“Hutterites are all Christians, is what people on the outside know to be and think. … My dad received Jesus into his heart; he had an experience with God. And, he gave his testimony at Sunday School. Well, that instantly caused a lot of friction, because the minister’s kids and the leaders’ kids went home and told their parents, and said, okay, this man’s got a strange belief. He’s going against what we believe. We believe the way we live, that is our salvation."
The Hutterites base their lives—and, explains Waldner, their very salvation—on teachings in the of the Book of Acts. While they acknowledge that Jesus Christ is the Son of God, he says, they do not believe He is the source of their salvation. Communal living, Waldner explains, is the rock upon which they set their faith, and any swaying from that interpretation is deemed, as Waldner describes it, “strange,” and reason for the community to turn its back on a fellow Hutterite.
“My dad didn’t back down,” Waldner said of the inquisition that followed his father’s testimony of faith. “He felt strongly in his heart that that was the right thing for him to do. … They brought like 40 elders together and questioned him. The question they really got him down for was, ‘Can you call a Christian from the outside your brother? Yes or no?’” Waldner’s dad answered, “Yes,” and, Waldner explained, “That was it. They took away his job, they wanted to kick him out of his house, they even went to a lawyer. … They couldn’t kick him out of his house, but they took away all of his rights and basically pushed him out.”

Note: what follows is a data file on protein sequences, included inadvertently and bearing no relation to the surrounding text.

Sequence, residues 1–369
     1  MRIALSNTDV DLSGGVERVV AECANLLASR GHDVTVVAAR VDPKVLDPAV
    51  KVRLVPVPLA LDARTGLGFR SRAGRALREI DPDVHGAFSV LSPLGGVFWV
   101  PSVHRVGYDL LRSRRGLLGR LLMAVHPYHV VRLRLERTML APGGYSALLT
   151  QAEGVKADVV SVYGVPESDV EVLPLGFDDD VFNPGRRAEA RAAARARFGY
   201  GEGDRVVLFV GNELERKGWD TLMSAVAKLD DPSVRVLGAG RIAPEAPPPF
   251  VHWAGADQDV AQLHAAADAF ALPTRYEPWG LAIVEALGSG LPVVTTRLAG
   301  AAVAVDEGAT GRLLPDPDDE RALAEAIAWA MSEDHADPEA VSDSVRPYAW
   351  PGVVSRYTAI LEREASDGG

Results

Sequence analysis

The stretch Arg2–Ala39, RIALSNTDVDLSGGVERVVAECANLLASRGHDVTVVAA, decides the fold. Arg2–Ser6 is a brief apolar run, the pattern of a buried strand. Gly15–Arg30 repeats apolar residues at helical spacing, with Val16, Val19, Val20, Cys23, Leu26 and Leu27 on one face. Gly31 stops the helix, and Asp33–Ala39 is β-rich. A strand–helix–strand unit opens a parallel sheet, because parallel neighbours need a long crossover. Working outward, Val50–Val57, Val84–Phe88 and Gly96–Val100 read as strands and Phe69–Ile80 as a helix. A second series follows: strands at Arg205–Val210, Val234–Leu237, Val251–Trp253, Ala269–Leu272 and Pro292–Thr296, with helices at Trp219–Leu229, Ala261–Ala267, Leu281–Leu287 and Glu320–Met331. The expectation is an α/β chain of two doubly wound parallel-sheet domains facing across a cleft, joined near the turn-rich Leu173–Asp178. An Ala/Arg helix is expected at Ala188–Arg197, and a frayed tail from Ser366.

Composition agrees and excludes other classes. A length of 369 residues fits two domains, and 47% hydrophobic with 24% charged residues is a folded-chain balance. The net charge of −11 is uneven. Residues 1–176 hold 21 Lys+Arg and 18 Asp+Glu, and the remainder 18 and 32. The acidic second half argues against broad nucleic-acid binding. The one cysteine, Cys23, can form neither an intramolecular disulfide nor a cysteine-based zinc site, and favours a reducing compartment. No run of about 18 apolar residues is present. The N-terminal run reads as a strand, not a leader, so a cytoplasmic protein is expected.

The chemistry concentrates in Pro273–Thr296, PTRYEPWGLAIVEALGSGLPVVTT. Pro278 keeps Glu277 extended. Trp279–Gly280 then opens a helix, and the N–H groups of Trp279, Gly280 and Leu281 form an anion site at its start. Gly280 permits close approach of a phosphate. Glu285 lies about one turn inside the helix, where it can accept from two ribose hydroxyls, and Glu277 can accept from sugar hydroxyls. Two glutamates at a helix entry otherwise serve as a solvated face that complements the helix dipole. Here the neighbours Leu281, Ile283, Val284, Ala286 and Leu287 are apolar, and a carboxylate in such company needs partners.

Waldner was still allowed to stay, to continue living and working in the colony, as long as he did not follow in his father’s beliefs. But, Waldner did take Jesus into his heart and, eventually, the entire family was ex-communicated.